[JURIST] Brazil’s top court, the Supreme Electoral Tribunal (TSE) [official website, in Portuguese], on Tuesday suspended the trial of President Michel Temer [BBC backgrounder] who is accused of receiving illegal donations during his 2014 campaign. Following former president Dilma Rousseff’s [Britannica profile] removal from office, her lawyers presented evidence [JURIST report] in November that Temer received a US $295,351 deposit after the same amount was donated by construction firm Andrade Gutierrez to the Brazilian Democratic Movement Party [official websites, in Portuguese]. Temer’s legal team has denied [Reuters report] such allegations. Currently, the TSE will not issue a verdict until May at the earliest. Until then, the TSE will hear additional witnesses and arguments from Brazil’s political parties.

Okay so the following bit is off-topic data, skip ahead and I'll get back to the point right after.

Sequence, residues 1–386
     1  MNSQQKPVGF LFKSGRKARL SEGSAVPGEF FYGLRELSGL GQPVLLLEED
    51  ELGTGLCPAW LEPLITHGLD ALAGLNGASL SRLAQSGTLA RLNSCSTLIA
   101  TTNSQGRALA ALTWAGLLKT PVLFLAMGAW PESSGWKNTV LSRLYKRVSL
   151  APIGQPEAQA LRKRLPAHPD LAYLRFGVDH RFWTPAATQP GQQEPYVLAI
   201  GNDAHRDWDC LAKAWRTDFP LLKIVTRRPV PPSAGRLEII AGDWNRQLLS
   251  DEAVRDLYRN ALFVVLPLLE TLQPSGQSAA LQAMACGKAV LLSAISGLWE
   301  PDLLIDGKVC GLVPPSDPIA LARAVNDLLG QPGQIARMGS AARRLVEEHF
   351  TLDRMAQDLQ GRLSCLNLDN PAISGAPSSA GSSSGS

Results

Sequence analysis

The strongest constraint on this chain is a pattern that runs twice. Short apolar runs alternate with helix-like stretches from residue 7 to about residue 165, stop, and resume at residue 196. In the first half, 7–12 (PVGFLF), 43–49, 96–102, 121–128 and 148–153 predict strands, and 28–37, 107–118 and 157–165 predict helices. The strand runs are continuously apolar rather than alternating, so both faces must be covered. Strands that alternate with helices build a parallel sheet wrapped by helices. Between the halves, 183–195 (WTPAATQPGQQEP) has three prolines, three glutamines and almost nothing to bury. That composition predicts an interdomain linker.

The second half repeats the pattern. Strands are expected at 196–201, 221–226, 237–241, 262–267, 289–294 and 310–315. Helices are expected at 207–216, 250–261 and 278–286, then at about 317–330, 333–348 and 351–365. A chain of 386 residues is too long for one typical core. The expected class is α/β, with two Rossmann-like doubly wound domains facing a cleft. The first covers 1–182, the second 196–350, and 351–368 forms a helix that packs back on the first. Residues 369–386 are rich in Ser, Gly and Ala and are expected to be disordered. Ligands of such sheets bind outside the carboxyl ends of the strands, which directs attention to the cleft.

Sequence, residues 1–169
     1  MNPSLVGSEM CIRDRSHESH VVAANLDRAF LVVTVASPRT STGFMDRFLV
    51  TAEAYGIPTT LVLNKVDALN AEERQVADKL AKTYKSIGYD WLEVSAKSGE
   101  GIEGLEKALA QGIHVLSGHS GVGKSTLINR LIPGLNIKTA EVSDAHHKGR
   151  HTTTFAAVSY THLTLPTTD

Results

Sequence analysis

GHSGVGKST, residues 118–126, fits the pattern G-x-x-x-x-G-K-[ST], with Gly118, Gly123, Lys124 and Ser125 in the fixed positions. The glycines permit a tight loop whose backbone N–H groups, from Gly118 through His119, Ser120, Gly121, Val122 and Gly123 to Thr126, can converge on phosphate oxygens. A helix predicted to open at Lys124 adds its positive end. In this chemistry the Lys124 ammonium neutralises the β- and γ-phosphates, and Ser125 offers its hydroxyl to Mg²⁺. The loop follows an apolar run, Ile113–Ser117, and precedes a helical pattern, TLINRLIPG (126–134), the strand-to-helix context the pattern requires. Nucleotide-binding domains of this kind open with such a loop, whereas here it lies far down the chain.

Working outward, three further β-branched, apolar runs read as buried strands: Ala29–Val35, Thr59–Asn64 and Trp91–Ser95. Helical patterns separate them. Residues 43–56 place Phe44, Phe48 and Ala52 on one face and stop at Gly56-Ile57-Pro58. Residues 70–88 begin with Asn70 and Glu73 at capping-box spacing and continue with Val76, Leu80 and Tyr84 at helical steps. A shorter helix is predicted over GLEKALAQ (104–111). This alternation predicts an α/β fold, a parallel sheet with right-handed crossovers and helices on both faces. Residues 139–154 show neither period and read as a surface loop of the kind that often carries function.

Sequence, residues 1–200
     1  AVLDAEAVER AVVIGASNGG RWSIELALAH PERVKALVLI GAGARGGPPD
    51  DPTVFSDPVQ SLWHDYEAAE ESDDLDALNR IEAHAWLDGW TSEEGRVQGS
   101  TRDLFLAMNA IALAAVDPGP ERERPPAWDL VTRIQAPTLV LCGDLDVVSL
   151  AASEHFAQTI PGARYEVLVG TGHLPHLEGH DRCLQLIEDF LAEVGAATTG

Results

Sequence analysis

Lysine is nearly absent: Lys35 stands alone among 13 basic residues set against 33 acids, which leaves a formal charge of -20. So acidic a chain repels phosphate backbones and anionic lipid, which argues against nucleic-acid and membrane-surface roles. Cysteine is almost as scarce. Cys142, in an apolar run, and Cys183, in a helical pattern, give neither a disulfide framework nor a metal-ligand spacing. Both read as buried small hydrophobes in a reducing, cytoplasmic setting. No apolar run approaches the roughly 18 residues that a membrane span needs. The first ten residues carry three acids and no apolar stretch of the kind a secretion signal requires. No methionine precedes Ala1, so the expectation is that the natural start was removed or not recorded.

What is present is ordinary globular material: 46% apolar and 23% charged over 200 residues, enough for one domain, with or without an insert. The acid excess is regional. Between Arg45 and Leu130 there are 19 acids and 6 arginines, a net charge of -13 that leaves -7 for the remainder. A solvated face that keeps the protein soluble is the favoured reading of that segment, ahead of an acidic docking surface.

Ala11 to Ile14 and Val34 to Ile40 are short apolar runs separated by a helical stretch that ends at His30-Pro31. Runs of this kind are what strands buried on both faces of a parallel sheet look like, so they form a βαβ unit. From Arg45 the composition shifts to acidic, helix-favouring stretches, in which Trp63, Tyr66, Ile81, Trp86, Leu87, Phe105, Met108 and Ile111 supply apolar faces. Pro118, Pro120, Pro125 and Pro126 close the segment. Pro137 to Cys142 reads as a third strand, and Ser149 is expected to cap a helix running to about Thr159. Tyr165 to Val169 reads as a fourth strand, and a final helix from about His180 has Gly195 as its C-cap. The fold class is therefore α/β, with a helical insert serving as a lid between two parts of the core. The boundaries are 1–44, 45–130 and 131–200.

Brazil’s political establishment has been in turmoil as many powerful politicians have been brought to the center of embarrassing corruption investigation and trials. Last month, Brazil’s top prosecutor asked [JURIST report] the TSE to open 83 more investigations into politicians in connection to the Petrobras scandal [JURIST news archive]. More than 100 individuals and 50 politicians have been arrested in connection to the scandal, and charges have been filed against some of Brazil’s most powerful politicians, including [JURIST report] former president Luiz Inacio Lula da Silva. Although not directly related to Petrobras, in August the Brazil Senate voted to convict [JURIST op-ed] Rousseff on allegations that she used improper accounting to cover-up a growing budget deficit and illegal loans from state-owned banks.